Repeatedly battered by storms, such as Xynthia in 2010 and last winter's successive storms, France's Atlantic beaches are being inexorably eroded away. The mission of the scientists at the LDO5 is to measure this process as accurately as possible. To do this, drones are the perfect choice. "By flying them at a height of 0 to 150 meters, the maximum legal limit,6 we can obtain maps at a very high resolution of less than 3 centimeters," explains research engineer Jérôme Ammann. Combined with pictures taken by underwater imagers, they can be used to model a beach in 3D and get an accurate view of the erosion process. 

Drones are permitted to fly at an altitude between 0 and 150 meters, unless an exemption is granted, which makes it possible to obtain very high-resolution maps.
Drones are permitted to fly at an altitude between 0 and 150 meters, unless an exemption is granted, which makes it possible to obtain very high-resolution maps.

year after year to facilitate comparisons. The accuracy of the data collected and the time saved are unparalleled. "It used to take two days for researchers equipped with a GPS to cover a beach on foot. Today, a drone takes a quarter of an hour to do the same job!" Ammann rejoices.

Modeling heritage

A stone-by-stone survey of the Theater District of Pompeii (15,000 m2 of ruins), produced with a drone in a mere 50 minutes: this is the feat achieved by architects at the MAP laboratory.7 "In all, 850 high-definition photographs were taken, following an extremely precise flight plan downloaded into the drone," says Renato Saleri, head of the MAP's drone platform. "We then used photogrammetry software (a process derived from the resources used by France's National Institute of Geographic and Forest Information) to produce the final document." This tool exploits the very high redundancy between images (a minimum 80% overlap) to show the relief and reconstruct the structures in 3D. The document, produced after 24 hours of computing time (!), will make it possible to create 3D archives of the site, which will be used in particular for future restoration work.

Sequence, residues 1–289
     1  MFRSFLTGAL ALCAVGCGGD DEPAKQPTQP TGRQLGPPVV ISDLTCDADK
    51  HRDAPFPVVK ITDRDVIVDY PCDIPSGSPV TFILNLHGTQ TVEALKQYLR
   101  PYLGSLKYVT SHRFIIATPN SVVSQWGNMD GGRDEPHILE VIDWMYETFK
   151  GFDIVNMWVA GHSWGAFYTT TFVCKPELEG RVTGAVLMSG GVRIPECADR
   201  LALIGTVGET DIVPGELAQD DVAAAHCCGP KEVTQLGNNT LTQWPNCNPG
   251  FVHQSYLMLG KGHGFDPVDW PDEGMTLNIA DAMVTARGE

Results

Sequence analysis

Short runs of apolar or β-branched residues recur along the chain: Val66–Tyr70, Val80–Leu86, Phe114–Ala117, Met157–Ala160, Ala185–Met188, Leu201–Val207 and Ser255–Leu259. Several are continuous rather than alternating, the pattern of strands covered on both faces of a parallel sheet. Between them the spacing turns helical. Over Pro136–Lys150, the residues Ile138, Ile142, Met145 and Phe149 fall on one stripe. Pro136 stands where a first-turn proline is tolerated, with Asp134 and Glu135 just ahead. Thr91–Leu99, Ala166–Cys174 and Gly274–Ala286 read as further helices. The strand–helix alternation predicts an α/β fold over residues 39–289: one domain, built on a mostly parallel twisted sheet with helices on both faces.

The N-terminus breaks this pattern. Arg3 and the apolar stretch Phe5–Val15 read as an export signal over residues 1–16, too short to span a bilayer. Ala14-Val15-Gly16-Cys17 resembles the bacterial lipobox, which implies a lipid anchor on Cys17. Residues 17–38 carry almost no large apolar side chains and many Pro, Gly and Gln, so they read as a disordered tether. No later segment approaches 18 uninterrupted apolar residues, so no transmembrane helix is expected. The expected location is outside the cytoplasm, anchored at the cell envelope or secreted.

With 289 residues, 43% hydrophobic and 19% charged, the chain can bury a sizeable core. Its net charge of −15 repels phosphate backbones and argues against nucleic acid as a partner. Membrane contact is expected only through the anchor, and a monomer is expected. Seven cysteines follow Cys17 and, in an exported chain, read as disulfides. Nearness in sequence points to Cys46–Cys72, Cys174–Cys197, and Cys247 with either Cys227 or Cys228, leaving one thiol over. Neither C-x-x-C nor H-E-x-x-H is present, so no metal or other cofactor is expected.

Modélisation de Pompéi
Modeling the Theater District of Pompeii required a flight of a mere 50 minutes, during which 850 images were taken.
Modélisation de Pompéi
Modeling the Theater District of Pompeii required a flight of a mere 50 minutes, during which 850 images were taken.

Other MAP researchers' achievements include modeling part of a dike (on a diversion canal of the Rhône river) in order to detect possible damage, and a survey of the interior of the Saint-Nazaire basilica in Carcassonne (southwestern France), restored in the late 19th century by Viollet-le-Duc. This required an aerobatic feat carried out by a researcher specially trained in flying drones.
 

Footnotes
  • 1. Laboratoire d'analyse et d'architecture des systèmes (CNRS / Université Fédérale Toulouse Midi-Pyrénées).
  • 2. Centre d'écologie fonctionnelle et évolutive (CNRS /Université de Montpellier / Université Paul-Valéry Montpellier / Montpellier SupAgro / EPHE / Inra / IRD).
  • 3. Groupe d’étude de l’atmosphère météorologique (CNRS/Météo France).
  • 4. Travaux et recherches archéologiques sur les cultures, les espaces et les sociétés (CNRS/Université Toulouse Jean-Jaurès / MCC / EHESS / Inrap).
  • 5. Laboratoire Domaines Océaniques (CNRS / UBO / UBS / SHOM / Labex Mer / IUEM).
  • 6. One of the first countries to legislate in this domain, France passed a law in 2012 regulating the use of drones on French territory, laying down the maximum permitted altitude, overflight exclusion zones, etc. A certificate delivered by the Direction Générale de l’Aviation Civile is required to fly drones.
  • 7. aModèles et simulations pour l’architecture et le patrimoine
(CNRS / MCC).
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Author

Laure Cailloce

Laure Cailloce is a scientific journalist for CNRS Lejournal/News.